Kurt Gottfried, a physicist, author, and activist, died on August 25 at the age of 93. He cofounded the Union of Concerned Scientists (UCS) in the 1960s and was a vocal advocate of nuclear disarmament, action on climate change, and scientist involvement in public discourse.
Gottfried was born in Vienna on May 17, 1929, to two PhD-holding chemists, according to The New York Times. The Gottfrieds’ home was invaded by Nazis during the pogrom Kristallnacht in November 1938. The family fled to Canada by way of Belgium, eventually settling in Montreal. Gottfried attended nearby McGill University and studied physics, graduating in 1952. He then went to graduate school at MIT, where he roomed with another physics student, Henry Kendall, with whom he would later establish the UCS (Kendall would also go on to win the 1990 Nobel Prize in Physics). Upon earning his PhD in 1955, Gottfried married Sorel Dickstein and they had two children, David and Laura, according to his obituary.
He completed two fellowships at Harvard University before becoming an assistant professor there in 1960. His next move was to Cornell University in Ithaca, New York, in 1964, where he worked on the foundations of quantum mechanics with a focus on quark-antiquark pairs, according to his staff profile. He held various leadership positions during his time at Cornell and retired as a professor emeritus in 1998.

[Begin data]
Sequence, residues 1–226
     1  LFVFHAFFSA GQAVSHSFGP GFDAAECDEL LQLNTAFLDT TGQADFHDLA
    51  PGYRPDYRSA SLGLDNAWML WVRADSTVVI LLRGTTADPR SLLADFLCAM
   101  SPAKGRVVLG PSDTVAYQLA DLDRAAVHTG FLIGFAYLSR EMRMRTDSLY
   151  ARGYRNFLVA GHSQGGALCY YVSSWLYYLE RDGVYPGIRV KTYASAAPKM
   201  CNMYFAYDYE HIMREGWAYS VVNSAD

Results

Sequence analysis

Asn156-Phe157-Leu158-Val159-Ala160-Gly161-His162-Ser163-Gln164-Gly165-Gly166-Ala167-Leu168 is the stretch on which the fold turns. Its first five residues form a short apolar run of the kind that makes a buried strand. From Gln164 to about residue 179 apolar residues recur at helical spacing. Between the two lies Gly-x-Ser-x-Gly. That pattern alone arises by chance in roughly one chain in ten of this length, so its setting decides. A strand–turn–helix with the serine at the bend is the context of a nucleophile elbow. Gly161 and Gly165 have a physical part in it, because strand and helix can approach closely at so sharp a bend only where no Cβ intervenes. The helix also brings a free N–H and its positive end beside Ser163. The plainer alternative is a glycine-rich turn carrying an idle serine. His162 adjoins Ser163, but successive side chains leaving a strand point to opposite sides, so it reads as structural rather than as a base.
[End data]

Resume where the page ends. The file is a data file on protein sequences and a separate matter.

Gottfried is best known for his activities outside of the lab. In 1969, he grew increasingly concerned about the Vietnam War—then at its height—and the role of scientists in researching and developing devastating weapons. Gottfried and Kendall organized an event on MIT’s campus on March 4 of that year in which they called on scientists to band together and speak out against what Gottfried often referred to as a “misuse of science.” The Union of Concerned Scientists was born, and Gottfried was active on its board from the start. He also authored three books and many articles related to scientific responsibility over the years, asserting that scientists should spend time creating advances that would benefit humanity, not destroy it. After retiring from Cornell, Gottfried served as the UCS chair from 1999 until 2009.
“Kurt clearly felt that scientists were obligated to participate in efforts to help shape public policy at the interface between science and society,” Peter Lepage, a professor emeritus of physics, tells the Cornell Chronicle. “He showed us all how this could be done effectively with his extensive work, over more than four decades, on such topics as nuclear arms control, international human rights, climate change and scientific integrity in policymaking.”
The last decade of Gottfried’s life was spent in a nursing facility in Ithaca, alongside his wife. He was predeceased by his wife last year and is survived by his two children, four grandchildren, and his sister.